State Supreme Court justices talk law during public forum at MHS

  • Thu Mar 1st, 2018 1:30am
  • News

Eight of the nine state Supreme Court justices gathered at the Montesano High School commons last week for a public forum.

The court travels to communities throughout the state. The forum on Wednesday, Feb. 21, was an opportunity for the justices to field questions from the public. The next day, the Supreme Court convened at the Grays Harbor County courthouse to hear oral arguments for three cases.

Earlier in the day, the justices had been scheduled to meet with students at Montesano schools, but snow the day before and a late start for students due to early morning conditions on Wednesday tightened the time line at little too much to allow for the visit. Some of the justices are planning to return to visit the students in the not too distant future, they said.

With snow in the forecast, the forum saw limited attendance. Only a couple dozen people attended the forum which saw eight of the nine state Supreme Court justices on hand to answer questions. Justice Charles Johnson was not at the forum.

Montesano Mayor Vini Samuel moderated the forum. Chief Justice Mary Fairhurst noted that the court could not answer any questions about cases currently under consideration, “or hypotheticals that sound just like the cases that we heard.”

The justices were asked about net neutrality. Specifically, the question asked what would happen if the state Legislature approved net neutrality rules and the governor signed those rules despite the Federal Communications Commission recently repealing net neutrality.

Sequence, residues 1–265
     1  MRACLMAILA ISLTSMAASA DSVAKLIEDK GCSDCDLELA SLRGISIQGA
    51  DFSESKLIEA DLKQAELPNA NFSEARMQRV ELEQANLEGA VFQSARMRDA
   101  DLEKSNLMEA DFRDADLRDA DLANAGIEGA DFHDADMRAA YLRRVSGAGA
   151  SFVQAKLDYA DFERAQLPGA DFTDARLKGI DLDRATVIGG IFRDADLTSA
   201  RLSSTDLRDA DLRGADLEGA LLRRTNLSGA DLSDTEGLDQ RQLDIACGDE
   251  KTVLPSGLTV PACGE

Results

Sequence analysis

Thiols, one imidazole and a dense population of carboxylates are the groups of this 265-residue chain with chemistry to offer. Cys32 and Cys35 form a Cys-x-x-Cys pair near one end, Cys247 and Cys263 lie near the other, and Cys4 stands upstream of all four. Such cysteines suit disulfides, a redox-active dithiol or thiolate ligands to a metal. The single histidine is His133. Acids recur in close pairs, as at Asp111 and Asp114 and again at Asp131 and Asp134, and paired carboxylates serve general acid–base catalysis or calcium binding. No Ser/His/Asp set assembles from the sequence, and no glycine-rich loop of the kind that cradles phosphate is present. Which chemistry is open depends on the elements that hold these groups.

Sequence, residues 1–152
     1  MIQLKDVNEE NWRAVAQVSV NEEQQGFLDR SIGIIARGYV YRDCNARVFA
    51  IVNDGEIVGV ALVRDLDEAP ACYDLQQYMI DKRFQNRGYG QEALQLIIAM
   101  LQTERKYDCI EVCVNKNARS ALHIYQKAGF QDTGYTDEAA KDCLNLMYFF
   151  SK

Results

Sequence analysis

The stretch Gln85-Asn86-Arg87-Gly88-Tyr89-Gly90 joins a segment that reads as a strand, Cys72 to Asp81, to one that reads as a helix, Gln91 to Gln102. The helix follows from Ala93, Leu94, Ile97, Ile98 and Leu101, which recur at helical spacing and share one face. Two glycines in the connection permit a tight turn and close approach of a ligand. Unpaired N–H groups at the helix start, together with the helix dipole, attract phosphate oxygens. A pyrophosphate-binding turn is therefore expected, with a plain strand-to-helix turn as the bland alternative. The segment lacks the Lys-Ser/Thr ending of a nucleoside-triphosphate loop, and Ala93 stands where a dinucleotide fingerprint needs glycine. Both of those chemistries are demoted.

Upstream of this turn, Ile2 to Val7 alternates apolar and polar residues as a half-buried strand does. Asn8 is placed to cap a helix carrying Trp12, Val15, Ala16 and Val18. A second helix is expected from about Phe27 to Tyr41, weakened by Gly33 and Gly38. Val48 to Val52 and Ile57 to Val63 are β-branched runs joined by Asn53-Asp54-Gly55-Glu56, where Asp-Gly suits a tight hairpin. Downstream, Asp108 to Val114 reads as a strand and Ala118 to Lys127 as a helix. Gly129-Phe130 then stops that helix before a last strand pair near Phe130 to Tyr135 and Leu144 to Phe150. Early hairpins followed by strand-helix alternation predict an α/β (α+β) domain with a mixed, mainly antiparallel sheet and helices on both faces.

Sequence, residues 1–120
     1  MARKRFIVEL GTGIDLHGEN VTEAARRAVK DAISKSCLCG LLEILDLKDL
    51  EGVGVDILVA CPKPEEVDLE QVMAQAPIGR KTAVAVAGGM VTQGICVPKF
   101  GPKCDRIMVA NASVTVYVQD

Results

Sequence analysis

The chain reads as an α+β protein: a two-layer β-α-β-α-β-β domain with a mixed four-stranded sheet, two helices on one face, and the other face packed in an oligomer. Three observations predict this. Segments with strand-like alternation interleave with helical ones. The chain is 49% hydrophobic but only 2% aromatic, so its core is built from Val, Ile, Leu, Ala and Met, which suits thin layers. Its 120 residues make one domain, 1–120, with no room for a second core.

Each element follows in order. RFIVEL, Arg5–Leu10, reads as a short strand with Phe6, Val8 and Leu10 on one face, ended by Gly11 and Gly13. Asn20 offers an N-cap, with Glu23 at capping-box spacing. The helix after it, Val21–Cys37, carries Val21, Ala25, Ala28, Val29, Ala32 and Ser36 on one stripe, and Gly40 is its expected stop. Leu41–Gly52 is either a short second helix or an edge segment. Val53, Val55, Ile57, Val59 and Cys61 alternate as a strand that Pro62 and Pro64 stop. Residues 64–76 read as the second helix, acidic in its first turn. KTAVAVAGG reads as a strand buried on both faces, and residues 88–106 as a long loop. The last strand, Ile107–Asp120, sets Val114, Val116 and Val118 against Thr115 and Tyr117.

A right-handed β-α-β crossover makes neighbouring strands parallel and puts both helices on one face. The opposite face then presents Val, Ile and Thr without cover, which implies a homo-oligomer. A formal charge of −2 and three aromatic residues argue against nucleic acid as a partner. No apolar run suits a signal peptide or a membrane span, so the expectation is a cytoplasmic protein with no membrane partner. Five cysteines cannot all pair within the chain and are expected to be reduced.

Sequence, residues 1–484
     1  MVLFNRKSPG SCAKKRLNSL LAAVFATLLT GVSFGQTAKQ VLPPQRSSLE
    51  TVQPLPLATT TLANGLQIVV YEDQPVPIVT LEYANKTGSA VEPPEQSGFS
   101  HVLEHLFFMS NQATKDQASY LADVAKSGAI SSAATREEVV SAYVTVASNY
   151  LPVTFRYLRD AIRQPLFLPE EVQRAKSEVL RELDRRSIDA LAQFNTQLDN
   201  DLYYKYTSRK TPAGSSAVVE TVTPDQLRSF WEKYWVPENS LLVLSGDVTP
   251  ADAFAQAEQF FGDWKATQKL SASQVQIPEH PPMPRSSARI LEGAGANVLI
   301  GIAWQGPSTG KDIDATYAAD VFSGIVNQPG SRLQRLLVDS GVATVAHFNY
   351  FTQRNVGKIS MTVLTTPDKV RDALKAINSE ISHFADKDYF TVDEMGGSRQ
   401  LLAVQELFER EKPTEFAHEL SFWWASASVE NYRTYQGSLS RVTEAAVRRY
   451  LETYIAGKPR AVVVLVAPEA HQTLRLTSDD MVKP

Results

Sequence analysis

Justice Sheryl Gordon McCloud said the court couldn’t speculate on what the governor would do. She noted several issues that could bring a state-approved net neutrality rule before the justices — first amendment issues, access to public services, a dispute of private control, or a dispute between providers and carriers.

“If a case like that comes to us, we’ll see which case it is, we’ll see which issue it is, and we’ll study the briefs,” Justice Gordon McCloud said. “If there is a constitutional issue involved, we would be the part of the government that can speak to that constitutional issue and authoritatively interpret the constitution and apply it to whatever rule comes up.”

Justice Charles Wiggins noted that another potential dispute would be if the state has the authority to issue such a rule.

“There’s another issue that’s kind of lurking here which is the power of the federal government versus the power of the state government,” Wiggins said. “There are certain powers that are given to Congress in the U.S. Constitution, so any law passed by Congress must stem from one of those powers… ”

The court also was asked about the “rule of law” versus the “rule of man.”

Justice Mary Yu said that much of what is seen as rules is shaped by individuals.

“There are nine of us committed to the concept of the rule of law,” Yu said. “At the same time, the rule of law is not fixed — it moves, it shapes, it bends, as we do, as society and as our human experience informs that rational thinking… I think we’re living in an extraordinary time where we get to see that on display.”

When asked how they separate their rulings from emotions, Justice Wiggins said he “(tries) very hard not to personalize any of our disagreements.”

“I wondered about this when I first got onto the court, ‘How do the judges really interact with one another when they’re behind closed doors — is it yelling and screaming, or is it rational discourse?’” Wiggins said. “I’m pleased to say I personally find it to be rational discourse.”

Other questions asked which cases were most difficult to hear, why the justices decided to run for their seats, why a gun tax is not unlawful, how important a speedy trial is to justice and about punishment of prosecutors.

The forum lasted about an hour.